International Archives of the Photogrammetry, Remote Sensing and Spatial Information Sciences
Publications Copernicus
Download
Citation
Volume XLII-3/W11
Int. Arch. Photogramm. Remote Sens. Spatial Inf. Sci., XLII-3/W11, 23–28, 2020
https://doi.org/10.5194/isprs-archives-XLII-3-W11-23-2020
© Author(s) 2020. This work is distributed under
the Creative Commons Attribution 4.0 License.
Int. Arch. Photogramm. Remote Sens. Spatial Inf. Sci., XLII-3/W11, 23–28, 2020
https://doi.org/10.5194/isprs-archives-XLII-3-W11-23-2020
© Author(s) 2020. This work is distributed under
the Creative Commons Attribution 4.0 License.

  14 Feb 2020

14 Feb 2020

IDENTIFYING HURRICANE IMPACTS ON BARBUDA USING CITIZEN SCIENCE GROUND OBSERVATIONS, DRONE PHOTOGRAPHY AND SATELLITE IMAGERY

R. Boger1, R. Low2, and P. Nelson3 R. Boger et al.
  • 1Brooklyn College, City University of New York, USA
  • 2Institute for Global Environmental Strategies, Arlington
  • 3College of Earth, Ocean, Atmospheric Sciences, Oregon State University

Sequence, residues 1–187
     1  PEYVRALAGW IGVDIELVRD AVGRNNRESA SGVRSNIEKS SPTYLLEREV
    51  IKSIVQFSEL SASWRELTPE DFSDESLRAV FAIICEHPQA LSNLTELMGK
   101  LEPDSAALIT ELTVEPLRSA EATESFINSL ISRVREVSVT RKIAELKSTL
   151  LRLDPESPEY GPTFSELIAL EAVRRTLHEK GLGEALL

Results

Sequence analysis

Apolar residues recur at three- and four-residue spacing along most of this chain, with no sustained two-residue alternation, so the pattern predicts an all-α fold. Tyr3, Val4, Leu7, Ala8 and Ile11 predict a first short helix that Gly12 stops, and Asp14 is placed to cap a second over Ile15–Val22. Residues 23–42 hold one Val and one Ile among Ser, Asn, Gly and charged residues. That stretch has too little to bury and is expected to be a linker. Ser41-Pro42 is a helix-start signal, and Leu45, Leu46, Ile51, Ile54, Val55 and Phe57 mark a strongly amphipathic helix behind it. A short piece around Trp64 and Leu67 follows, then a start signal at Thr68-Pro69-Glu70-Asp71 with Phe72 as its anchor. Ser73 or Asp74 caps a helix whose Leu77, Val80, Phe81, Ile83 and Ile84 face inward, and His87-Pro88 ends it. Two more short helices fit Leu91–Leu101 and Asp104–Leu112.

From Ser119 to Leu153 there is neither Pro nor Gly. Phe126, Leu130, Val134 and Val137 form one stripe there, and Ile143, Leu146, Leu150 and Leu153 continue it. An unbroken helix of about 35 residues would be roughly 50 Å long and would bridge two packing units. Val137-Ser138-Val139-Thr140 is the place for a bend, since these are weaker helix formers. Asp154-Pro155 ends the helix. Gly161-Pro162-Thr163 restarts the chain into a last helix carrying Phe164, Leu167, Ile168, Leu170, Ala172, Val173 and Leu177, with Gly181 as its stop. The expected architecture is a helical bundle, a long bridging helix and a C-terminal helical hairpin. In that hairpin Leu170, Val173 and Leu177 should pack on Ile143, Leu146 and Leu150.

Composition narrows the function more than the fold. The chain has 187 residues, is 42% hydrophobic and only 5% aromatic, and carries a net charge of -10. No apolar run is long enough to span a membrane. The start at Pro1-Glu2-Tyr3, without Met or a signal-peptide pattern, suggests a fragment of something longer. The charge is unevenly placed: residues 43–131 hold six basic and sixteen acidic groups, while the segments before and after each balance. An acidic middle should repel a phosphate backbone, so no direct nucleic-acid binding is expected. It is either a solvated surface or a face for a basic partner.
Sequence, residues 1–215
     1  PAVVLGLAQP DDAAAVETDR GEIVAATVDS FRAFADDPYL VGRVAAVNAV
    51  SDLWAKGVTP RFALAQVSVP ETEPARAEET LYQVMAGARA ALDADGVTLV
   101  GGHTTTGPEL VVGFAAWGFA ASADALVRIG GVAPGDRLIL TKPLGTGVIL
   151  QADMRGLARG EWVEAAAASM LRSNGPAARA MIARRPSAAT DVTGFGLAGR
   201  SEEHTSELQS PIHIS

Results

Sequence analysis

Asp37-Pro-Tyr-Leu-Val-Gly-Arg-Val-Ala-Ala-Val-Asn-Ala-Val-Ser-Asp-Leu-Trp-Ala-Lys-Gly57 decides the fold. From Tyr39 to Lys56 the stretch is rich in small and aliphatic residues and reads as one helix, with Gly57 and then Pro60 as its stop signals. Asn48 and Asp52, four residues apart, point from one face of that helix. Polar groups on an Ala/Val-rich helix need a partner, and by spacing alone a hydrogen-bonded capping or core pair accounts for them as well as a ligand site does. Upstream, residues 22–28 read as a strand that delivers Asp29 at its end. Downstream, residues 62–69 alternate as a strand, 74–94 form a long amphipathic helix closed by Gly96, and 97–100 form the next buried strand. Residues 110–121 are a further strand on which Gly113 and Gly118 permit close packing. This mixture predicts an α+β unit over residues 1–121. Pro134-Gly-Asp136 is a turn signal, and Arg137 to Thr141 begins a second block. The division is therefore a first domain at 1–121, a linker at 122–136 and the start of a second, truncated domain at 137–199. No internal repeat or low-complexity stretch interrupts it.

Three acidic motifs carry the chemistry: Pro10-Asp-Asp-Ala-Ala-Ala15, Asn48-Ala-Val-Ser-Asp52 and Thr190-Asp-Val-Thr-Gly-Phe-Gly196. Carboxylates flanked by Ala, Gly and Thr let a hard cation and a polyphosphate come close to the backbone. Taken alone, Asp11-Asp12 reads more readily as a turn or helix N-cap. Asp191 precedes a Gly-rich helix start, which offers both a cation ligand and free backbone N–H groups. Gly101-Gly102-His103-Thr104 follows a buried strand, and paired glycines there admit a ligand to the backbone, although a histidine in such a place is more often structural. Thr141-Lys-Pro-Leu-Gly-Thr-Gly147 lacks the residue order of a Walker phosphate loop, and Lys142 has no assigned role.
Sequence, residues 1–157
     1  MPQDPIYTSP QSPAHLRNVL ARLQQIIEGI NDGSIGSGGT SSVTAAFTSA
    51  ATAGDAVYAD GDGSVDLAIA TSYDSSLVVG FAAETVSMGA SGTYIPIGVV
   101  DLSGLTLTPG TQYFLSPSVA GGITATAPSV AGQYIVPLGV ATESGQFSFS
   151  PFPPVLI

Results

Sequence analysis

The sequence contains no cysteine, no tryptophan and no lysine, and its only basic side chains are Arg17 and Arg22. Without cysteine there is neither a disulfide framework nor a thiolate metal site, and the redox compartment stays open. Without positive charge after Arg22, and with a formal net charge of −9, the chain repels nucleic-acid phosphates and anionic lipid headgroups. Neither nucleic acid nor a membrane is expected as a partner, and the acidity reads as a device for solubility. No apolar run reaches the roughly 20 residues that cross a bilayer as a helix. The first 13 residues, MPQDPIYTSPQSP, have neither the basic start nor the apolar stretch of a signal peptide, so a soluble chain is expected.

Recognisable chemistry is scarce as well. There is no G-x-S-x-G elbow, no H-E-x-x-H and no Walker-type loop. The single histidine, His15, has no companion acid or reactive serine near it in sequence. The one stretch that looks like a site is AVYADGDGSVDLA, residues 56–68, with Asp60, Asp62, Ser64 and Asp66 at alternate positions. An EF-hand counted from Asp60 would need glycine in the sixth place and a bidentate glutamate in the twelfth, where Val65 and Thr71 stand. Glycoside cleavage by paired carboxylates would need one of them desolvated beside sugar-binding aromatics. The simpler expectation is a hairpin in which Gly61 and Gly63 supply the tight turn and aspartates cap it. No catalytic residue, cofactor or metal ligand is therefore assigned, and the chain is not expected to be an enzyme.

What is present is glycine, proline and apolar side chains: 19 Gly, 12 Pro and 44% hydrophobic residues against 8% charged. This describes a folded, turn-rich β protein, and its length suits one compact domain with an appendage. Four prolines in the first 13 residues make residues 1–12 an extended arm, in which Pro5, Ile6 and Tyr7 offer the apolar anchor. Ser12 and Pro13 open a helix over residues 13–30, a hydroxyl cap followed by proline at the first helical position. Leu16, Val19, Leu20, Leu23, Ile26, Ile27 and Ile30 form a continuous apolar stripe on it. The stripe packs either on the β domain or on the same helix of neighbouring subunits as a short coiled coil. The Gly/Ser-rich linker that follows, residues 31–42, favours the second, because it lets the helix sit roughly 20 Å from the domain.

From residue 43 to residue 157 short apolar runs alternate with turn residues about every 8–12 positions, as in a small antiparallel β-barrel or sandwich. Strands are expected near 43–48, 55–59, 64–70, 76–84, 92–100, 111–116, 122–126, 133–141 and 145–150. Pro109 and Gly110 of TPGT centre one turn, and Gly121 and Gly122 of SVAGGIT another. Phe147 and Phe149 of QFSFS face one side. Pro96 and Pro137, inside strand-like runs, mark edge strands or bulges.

Keywords: Barbuda, land cover, citizen science, hurricanes

Abstract. Barbuda is a low-lying leeward island in the West Indies. In September 2017 Hurricane Irma battered the island with 185 mph winds. Damage to housing and infrastructure was so extensive that all 1800 residents of the island were immediately evacuated post hurricane to the neighboring island of Antigua. Our research is focused on documenting and analyzing the landscape scale changes that took place on the island as a result of the hurricane using a nested methodology. Ground level observations were recorded using a beta version of the Global Learning and Observation to Benefit the Environment (GLOBE) Observer Land Cover tool. Aerial photographs provide medium scale landscape resolution. Satellite images were processed to provide NDVI values. We describe how nested data at several spatial scales enable detailed description of Hurricane Irma’s impact across the landscape of this 62 sq. mile island. Here we are connecting observations at different spatial scales, using citizen science observations, aerial drone photography and satellite imagery to document and analyze hurricane impacts on the island of Barbuda, eastern Caribbean.